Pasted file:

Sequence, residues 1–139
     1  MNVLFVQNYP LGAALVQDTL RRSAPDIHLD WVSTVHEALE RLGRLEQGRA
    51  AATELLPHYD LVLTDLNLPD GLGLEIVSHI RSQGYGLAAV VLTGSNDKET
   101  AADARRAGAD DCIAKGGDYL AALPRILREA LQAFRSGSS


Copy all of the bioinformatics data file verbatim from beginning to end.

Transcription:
Sequence, residues 1–139
     1  MNVLFVQNYP LGAALVQDTL RRSAPDIHLD WVSTVHEALE RLGRLEQGRA
    51  AATELLPHYD LVLTDLNLPD GLGLEIVSHI RSQGYGLAAV VLTGSNDKET
   101  AADARRAGAD DCIAKGGDYL AALPRILREA LQAFRSGSS